I always have a bit of a problem when authors write about love that isn't tinged, however faintly, with hate. The exception is the Romeo-and-Juliet story where the lovers don't ever get to spend enough time together to begin to hate each other, e.g., John Green's THE FAULT IN OUR STARS. But when people who love each other come to know the other intimately, love takes on many different aspects, including its opposite. Is there, anywhere in the world, a parent of a screaming toddler who hasn't fantasized, if only for a second or two, about throwing him/her out of a window? Or a spouse who hasn't felt grateful at one time that there were no weapons nearby to help bring an argument with the beloved other to a close? If you say you've never felt that way - well, I'm not saying you're lying. But you know you are.
I would like to offer a photographic example to support this claim. Anyone who reads this blog knows without question that I love my son, right? And yet -
and yet, when I am trying to make dinner and he is trying to force me to dance with him instead, the word "love" does not fully encompass the emotions I am experiencing. It does not even come close.
I cite to Katherine Paterson's classic (Newbery-winning) novel, JACOB HAVE I LOVED. Louise hates her gifted twin sister Caroline because their twin-world is a pie chart, and Caroline has never left Louise any more than one thin slice of the pie. But Louise also hates her loyal best friend, Cal, for being clumsy and overweight and literal-minded and generally flawed. And when Louise develops a humiliating crush on the almost-70-year-old Captain, she hates him too, for putting her in such a ridiculous and horrifying position. She hates that she, and they, are slaves to the human condition.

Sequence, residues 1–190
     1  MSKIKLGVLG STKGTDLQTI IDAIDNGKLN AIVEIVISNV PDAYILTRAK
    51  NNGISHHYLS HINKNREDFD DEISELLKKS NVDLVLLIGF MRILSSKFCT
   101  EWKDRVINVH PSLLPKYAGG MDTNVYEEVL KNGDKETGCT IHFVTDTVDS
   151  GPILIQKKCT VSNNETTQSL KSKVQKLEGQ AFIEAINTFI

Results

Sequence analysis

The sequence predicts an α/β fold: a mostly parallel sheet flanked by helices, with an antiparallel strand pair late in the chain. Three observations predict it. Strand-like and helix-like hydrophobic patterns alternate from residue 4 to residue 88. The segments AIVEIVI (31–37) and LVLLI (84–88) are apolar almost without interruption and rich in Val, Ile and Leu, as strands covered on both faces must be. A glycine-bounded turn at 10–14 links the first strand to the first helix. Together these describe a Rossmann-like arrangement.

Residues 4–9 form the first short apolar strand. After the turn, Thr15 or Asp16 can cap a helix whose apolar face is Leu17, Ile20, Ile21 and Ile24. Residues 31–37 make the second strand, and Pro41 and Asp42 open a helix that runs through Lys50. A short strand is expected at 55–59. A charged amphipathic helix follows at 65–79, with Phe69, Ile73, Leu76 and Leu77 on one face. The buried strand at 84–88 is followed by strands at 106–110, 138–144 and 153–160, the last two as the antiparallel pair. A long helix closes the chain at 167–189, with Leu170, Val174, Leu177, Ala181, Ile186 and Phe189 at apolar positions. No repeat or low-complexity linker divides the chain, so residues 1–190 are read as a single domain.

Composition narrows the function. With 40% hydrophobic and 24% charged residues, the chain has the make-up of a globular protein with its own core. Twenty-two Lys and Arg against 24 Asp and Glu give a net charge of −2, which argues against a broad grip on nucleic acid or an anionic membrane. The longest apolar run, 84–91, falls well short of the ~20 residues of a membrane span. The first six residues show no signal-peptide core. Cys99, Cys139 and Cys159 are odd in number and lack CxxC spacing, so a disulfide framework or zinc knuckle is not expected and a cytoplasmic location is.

In John Green/David Levithan's WILL GRAYSON, WILL GRAYSON, Will Grayson I deeply loves his lifelong best friend Tiny, which does not at all preclude him from hating Tiny too. Every time Tiny embarks on a new romance, he abandons Will, only seeking him out again when the romance (inevitably) ends. He takes Will and his devotion for granted. He makes unreasonable demands. He is, as Will finally tells him, a terrible best friend. Will hates that about Tiny, and yet loves him irrevocably all the same.
Love makes us vulnerable. From the moment we begin to love someone, we reflexively begin to fear losing them, and the love becomes inextricably intertwined with the fear. Our ability to love another person is our greatest strength, and simultaneously our Achilles' heel. We love our children desperately, and question every decision we make on their behalf, and continue to feel responsible for them as long as we live. The more we love our partners, the less alone we feel, but the more we dread feeling alone. And how could we not resent that? What a terrible burden we've taken on. What a priceless, terrifying gift has been entrusted to us. And whom can we blame but the imperfect, annoying, mortal objects of our love?
So when I read a book about ennobling, unwavering, eternal love, I have a hard time believing in it. I want to see love accompanied by passion and awe, but also by guilt, shame, anxiety, anger, doubt, disillusionment, and yes, a degree of hatred as well. That's what makes it 3-D. Anything less doesn't do full justice to the vast array of emotions of which we humans are capable, whether we want to be or not.